The fight against inequality will take center stage at the Ford Foundation under a sweeping overhaul announced today by the nation’s second biggest philanthropy.

Not only will Ford direct all of its money and influence to curbing financial, racial, gender, and other inequities, but it will give lots more money in a way grantees have been clamoring for: It hopes to double the total it gives in the form of unrestricted grants for operating support. The doubling of general operating support to 40 percent of the foundation’s grant-making budget, projected to be in excess of $1 billion over five years, will enable Ford to create what its president, Darren Walker, calls a "social-justice infrastructure" reminiscent of the support it provided nonprofits during the civil-rights era.

"By giving a set of institutions core support or seed capital, we helped initiate and support entire movements," he said. "We contributed to an entire generation of social-justice leaders around the world."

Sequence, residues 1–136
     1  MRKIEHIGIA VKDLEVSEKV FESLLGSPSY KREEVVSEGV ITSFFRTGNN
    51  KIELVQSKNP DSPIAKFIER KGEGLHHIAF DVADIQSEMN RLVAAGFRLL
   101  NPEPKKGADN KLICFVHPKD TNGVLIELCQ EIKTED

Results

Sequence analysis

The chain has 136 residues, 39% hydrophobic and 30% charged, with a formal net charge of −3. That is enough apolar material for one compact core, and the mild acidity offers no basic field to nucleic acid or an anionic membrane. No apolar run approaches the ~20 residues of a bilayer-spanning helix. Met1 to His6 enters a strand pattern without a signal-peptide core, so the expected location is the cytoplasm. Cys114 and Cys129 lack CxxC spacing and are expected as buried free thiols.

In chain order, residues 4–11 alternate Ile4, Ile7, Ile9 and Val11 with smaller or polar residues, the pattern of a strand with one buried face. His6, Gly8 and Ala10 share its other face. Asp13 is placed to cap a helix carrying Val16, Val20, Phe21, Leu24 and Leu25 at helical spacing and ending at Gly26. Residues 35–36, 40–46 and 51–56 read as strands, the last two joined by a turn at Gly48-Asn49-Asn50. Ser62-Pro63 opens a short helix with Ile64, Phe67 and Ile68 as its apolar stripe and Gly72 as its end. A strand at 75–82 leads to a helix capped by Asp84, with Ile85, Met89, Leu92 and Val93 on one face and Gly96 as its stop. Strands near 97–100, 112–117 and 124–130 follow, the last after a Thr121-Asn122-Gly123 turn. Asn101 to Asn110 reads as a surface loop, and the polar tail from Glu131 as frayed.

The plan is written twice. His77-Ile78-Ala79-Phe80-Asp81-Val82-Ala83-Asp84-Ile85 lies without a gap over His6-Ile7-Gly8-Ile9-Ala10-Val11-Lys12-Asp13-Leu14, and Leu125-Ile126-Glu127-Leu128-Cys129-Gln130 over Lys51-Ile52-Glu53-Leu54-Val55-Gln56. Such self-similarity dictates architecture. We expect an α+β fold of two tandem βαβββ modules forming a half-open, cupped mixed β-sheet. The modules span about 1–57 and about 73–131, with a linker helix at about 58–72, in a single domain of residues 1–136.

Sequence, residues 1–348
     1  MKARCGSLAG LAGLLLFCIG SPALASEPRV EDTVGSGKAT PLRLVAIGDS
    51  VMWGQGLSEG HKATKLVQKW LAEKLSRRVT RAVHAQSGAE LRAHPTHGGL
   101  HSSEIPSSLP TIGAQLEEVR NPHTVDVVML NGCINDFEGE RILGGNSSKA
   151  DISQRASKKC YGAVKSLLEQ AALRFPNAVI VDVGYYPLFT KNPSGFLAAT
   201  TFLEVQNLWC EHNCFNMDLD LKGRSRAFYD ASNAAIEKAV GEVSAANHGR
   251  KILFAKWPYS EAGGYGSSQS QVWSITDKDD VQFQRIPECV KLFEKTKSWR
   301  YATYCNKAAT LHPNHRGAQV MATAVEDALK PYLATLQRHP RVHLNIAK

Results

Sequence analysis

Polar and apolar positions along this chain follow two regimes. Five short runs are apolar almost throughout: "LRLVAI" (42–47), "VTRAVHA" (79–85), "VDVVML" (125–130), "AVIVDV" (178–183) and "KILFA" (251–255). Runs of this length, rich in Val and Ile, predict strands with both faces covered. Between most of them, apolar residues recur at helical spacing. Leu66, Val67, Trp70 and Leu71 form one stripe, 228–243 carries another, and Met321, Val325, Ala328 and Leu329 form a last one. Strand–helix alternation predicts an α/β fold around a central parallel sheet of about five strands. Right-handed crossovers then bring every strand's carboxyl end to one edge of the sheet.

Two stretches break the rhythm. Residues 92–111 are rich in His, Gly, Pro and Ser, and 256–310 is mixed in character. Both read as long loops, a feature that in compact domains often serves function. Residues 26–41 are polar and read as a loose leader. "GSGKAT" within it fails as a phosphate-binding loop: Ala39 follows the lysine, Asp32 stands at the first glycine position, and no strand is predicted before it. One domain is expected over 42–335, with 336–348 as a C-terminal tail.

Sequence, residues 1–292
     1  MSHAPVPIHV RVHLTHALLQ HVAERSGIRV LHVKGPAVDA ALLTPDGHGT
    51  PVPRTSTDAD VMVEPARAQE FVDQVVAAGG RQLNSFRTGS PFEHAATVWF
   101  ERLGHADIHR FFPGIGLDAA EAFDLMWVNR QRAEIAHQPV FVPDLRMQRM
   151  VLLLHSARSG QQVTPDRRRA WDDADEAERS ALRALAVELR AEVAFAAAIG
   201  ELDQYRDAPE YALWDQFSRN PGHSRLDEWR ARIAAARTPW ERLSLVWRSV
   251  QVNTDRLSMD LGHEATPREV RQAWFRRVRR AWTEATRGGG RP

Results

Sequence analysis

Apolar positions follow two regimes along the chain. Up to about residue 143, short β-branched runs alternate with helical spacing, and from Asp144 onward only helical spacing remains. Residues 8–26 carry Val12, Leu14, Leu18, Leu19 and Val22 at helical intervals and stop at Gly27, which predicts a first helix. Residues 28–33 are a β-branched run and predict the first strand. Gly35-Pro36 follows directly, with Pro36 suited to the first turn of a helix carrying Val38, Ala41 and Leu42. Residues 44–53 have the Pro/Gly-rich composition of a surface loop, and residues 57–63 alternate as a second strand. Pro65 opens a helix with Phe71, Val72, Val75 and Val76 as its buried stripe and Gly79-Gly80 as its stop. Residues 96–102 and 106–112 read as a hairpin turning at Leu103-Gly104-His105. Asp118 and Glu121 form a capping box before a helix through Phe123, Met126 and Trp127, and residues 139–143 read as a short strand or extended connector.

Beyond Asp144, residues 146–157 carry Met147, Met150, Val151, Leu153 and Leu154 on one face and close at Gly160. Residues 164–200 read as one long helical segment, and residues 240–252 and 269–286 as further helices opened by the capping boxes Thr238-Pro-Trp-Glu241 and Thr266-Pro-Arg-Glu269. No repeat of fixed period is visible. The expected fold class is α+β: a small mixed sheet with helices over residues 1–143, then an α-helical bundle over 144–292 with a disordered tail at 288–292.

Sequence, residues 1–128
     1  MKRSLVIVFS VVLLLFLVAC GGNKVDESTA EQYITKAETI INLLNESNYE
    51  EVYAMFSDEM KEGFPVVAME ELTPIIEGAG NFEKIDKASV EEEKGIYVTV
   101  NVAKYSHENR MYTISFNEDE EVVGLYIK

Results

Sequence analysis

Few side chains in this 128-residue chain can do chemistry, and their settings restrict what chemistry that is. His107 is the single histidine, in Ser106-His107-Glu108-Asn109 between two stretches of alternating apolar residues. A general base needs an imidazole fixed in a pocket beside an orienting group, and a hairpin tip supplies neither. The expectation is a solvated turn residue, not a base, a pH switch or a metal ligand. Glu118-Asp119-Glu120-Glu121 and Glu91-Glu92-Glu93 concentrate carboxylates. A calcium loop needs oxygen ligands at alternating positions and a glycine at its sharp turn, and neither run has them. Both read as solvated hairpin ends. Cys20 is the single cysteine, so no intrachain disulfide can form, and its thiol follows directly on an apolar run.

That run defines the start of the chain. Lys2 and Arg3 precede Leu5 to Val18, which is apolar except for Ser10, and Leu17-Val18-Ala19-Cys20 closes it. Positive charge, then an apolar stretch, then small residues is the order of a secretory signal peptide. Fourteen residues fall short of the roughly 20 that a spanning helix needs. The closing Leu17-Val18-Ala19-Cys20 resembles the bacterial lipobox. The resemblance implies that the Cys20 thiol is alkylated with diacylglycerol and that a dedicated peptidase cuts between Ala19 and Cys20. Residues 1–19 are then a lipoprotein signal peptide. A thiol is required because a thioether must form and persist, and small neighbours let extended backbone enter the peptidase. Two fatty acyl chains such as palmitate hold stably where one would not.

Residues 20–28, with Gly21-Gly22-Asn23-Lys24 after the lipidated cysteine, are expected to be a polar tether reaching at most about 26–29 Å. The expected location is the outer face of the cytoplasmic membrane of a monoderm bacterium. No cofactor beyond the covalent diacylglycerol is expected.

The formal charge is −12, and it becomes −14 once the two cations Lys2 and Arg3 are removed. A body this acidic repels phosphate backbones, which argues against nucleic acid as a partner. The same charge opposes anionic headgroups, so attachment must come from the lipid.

Ford Shifts Grant Making to Focus Entirely on Inequality


Rory Cooper: Professor and Director of Pitt’s Human Engineering Research Laboratories

Rory Cooper: Professor and Director of Pitt’s Human Engineering Research Laboratories


Ford Shifts Grant Making to Focus Entirely on Inequality

The fight against inequality will take center stage at the Ford Foundation under a sweeping overhaul announced today by the nation’s second biggest philanthropy.